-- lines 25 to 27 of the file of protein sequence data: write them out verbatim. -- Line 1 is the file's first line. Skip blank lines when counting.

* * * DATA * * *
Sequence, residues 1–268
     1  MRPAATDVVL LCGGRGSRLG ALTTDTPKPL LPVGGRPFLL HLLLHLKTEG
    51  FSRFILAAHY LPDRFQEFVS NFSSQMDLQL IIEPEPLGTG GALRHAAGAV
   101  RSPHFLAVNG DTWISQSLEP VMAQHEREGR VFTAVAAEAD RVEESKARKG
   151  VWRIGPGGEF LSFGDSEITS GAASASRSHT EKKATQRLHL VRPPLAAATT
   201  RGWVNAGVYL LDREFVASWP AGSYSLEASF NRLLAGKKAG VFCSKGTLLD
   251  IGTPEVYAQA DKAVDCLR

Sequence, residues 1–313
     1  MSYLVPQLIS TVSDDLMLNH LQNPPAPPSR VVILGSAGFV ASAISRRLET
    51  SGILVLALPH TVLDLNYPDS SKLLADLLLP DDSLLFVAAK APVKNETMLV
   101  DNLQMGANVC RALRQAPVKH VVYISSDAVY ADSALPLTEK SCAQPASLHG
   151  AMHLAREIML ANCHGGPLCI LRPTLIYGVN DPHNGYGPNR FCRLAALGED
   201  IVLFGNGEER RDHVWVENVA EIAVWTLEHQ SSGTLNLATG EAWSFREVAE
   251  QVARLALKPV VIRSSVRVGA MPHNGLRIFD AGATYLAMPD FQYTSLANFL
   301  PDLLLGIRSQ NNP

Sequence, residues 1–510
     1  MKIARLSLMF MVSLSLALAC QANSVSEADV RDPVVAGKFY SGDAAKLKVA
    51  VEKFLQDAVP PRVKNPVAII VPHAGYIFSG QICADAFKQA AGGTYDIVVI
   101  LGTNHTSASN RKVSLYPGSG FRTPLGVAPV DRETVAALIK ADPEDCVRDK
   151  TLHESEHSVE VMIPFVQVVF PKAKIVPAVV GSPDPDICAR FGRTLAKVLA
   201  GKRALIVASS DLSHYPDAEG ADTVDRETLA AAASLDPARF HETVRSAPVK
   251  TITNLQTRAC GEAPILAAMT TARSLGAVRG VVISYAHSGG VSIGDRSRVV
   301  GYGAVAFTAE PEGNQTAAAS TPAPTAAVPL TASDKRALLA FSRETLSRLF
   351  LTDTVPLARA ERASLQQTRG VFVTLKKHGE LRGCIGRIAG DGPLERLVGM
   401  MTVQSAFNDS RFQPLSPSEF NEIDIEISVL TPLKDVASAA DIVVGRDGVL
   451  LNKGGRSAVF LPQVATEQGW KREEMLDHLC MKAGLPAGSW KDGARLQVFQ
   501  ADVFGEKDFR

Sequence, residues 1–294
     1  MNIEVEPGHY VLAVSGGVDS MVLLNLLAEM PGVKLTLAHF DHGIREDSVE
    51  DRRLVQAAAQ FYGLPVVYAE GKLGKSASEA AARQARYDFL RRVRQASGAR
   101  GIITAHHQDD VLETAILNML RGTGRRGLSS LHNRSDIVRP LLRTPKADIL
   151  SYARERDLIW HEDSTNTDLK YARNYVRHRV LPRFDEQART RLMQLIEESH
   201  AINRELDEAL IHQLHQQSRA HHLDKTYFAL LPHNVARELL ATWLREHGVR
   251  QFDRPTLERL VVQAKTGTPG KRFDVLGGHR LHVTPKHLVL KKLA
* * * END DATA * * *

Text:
   401  MTVQSAFNDS RFQPLSPSEF NEIDIEISVL TPLKDVASAA DIVVGRDGVL
   451  LNKGGRSAVF LPQVATEQGW KREEMLDHLC MKAGLPAGSW KDGARLQVFQ
   501  ADVFGEKDFR